That seems to be a deep misunderstanding, as I pointed out in the previous posts a lot, empirical analysis is very useful indeed, and I quoted some pretty big numbers accordingly.

But I am deeply skeptical of (euphemism alert) fatuous handwaving as to what past data can tell us about the future in the absence of a robust theoretical framework which the data support and *viceversa*.

Also, I am deeply skeptical of (euphemism alert) artful glibness about discussing past data in the presence of very large noise sources which are not even mentioned in polite discourse.

More generally, poor signal-noise ratio is a big problem of econometrics, with the small data sets and the difficulty to define what is being measured (for a classic case, unemployment, for a more challenging one, service sector productivity).

Economists get only a few chances at finding good "natural experiments".

Blissex

«For me the message of all this is simply that aggregate GDP data just don't permit us to draw robust inferences about policy effects. Not only is theory ambiguous but so is the data. ... I suspect the argument about what the top tax rate should be is not one that can be settled by the data.»

I hope that my previous comments show that I am in strong agreement with ChrisD's conclusion.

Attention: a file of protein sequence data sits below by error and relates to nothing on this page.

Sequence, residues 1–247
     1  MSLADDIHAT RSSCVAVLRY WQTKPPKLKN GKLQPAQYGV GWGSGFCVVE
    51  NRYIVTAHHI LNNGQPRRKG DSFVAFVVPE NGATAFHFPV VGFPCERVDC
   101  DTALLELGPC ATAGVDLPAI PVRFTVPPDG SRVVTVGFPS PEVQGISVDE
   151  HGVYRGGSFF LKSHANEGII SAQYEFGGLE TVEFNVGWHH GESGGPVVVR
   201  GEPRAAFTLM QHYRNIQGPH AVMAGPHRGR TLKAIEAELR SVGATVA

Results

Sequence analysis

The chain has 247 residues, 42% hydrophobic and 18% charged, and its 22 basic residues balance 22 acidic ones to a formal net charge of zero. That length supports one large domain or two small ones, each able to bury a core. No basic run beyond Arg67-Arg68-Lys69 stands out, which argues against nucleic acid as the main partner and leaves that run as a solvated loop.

What I find absurd is the very euphemistic way it has been reached with the usual polite disregard for the biggest stories in UK policy for the past couple dozen years.

Which include enormous shifts in the composition of GDP and in the distribution of income and wealth also geographically between sexes and in demographics.

Luis Enrique

"empirical analysis is very useful indeed"

Right. Is it useful if you haven't thought about omitted variable bias? Because I still can't see why my comments set you off on one.

SteveH

We should argue re-distribution politics, if we argue them at all, from the idea that these policies dictate the kind of society we live in, not the impact on growth. We should argue that the Scandinavian model is more desirable than the US one, for example.

Of course, it may be (or may not be) that introducing policies that affect the wealthiest may have a short term negative (or positive) economic impact on society, this is because the wealthy can and very often do attempt to hold nations to ransom and demand that entire populations bow to their will. This will ultimately lead to disaster and should at all times be resisted.

The comments to this entry are closed.

Why S&M?

Blog powered by Typepad